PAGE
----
This isn’t always about personal catastrophe or life-altering epiphany. Even the smallest annoyances can provide useful lessons if you’re paying attention. Consider, for instance, a “ding” to your QA. Irksome to the best of us. Sure, some of the time you’re genuinely learning from a mistake you made…but then there are those times where all you’re learning is “I hate QA,” “Dr. So-and-so is a nitpicker,” “This rad group’s process for adjudicating QA stinks,” etc.
Again, hardly adaptive/useful learning. But what if you take the opportunity to scrutinize the petty ways that QA system gets at you? Learn different turns of phrase to use in your reports so Dr. So-n-so has fewer opportunities to play “gotcha.” Take note of how the QA system fails to live up to its purpose. Maybe develop yourself as an expert in QA so you can administrate a superior model. Next thing you know, that’s a highlight on your CV that opens doors for you which would be closed to garden-variety film readers.
One of the most valuable things I learned from my current hacker-induced situation regarded a couple types of insurance (that I wish I had, and that I am now getting): “Business interruption” and “cyber” policies. Pretty straightforward—if your business gets disrupted, such a policy steps in and covers your lost revenue, potentially other things.
Straightforward, yes…but heretofore unknown to me. I’ve been mingling with other rads for over 20 years and not a single one ever said anything about it. (And shame on the various financial and insurance people who have been in my life to never have brought it up! Look how much premium-money they left on the table.)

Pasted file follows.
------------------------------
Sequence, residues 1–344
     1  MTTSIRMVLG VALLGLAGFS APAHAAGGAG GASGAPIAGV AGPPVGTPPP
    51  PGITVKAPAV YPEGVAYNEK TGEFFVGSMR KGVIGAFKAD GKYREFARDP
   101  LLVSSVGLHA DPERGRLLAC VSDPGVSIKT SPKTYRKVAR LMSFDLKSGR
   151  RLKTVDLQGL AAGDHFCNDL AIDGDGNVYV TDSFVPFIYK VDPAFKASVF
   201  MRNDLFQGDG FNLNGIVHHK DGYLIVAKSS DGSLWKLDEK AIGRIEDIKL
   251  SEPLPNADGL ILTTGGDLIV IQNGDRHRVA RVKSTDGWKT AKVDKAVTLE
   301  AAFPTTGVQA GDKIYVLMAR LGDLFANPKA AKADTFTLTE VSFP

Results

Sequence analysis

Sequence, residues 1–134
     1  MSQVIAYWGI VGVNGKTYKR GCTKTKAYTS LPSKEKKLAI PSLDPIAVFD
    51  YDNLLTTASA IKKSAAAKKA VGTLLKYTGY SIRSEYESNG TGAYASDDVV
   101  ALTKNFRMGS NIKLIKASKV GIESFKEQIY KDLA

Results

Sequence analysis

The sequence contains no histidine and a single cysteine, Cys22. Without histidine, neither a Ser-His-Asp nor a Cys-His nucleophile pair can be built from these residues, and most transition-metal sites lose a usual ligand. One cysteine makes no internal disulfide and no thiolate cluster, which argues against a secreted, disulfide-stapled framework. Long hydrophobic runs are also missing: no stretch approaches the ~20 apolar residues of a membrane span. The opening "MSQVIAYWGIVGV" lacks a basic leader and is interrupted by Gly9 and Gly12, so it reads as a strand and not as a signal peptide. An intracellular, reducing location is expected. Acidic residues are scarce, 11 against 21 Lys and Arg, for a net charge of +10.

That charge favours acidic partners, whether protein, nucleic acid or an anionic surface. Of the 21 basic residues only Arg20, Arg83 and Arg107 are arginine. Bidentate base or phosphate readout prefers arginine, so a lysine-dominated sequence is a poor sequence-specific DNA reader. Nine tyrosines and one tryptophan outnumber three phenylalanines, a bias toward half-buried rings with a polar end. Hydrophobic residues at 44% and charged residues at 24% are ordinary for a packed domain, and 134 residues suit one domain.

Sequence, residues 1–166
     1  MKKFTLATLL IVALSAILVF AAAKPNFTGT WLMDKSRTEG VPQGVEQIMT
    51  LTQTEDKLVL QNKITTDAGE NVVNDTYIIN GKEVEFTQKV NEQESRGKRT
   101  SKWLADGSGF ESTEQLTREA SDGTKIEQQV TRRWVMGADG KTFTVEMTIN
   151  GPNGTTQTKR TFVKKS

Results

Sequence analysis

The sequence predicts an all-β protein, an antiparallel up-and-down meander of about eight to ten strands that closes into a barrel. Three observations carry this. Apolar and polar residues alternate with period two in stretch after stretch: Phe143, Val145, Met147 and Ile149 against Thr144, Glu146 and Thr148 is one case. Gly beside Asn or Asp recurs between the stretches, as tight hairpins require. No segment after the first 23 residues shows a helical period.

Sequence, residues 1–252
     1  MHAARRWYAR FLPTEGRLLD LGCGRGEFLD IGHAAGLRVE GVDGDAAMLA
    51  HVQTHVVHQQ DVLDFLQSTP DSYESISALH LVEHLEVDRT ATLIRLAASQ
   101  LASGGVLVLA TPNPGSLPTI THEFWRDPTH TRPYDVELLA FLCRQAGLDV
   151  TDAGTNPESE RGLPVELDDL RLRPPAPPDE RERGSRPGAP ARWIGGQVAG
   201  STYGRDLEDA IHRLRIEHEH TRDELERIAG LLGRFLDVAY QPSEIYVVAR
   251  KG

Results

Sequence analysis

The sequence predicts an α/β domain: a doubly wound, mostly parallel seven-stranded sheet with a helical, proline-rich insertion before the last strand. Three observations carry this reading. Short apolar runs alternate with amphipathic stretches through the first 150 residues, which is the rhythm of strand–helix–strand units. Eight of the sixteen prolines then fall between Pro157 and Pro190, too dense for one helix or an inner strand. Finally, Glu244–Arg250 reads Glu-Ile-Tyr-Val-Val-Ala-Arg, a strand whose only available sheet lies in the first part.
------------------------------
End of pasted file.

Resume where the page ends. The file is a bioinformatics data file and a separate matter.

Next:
Knowing of such things, what rad group wouldn’t be insured to protect itself from such circumstances? It wouldn’t be unreasonable for rads in the group to ask that their contracts specify a portion of such insurance-payouts be earmarked to safeguard their income. One might even argue that a group valuing its members should do so without being contractually obligated, but your mileage may vary.
Alternatively, a rad might just get his own coverage. My quick inquiry turned up a quote of under $2k for conjoined interruption/cyber policies…same ballpark as what I pay for disability insurance. An employer might be willing to simply add such a sum to your comp—paying for your coverage rather than committing to shield you with its own policy. And if one employer is willing to do absolutely nothing in this regard—well, others might do better, and more competitively attract rads as a result.
Did I spend time feeling sore about my situation before I learned about, and pursued my own, business-interruption and cyber policies? Sure; it’s only natural to have an emotional reaction when things don’t go your way. But I don’t let it paralyze me. Let it have its moment, then move on. Or, better yet, harness it—turn frustration/anger at misfortune into a drive to learn from it and take action.
It would be ideal to take stock of one’s most-used unhelpful “lessons.” Assemble them into a mental rogues’ gallery. Then, when one or more of them gets triggered by adversity, let it serve as an alarm clock: Wake up! There’s something good to be learned here, don’t miss it!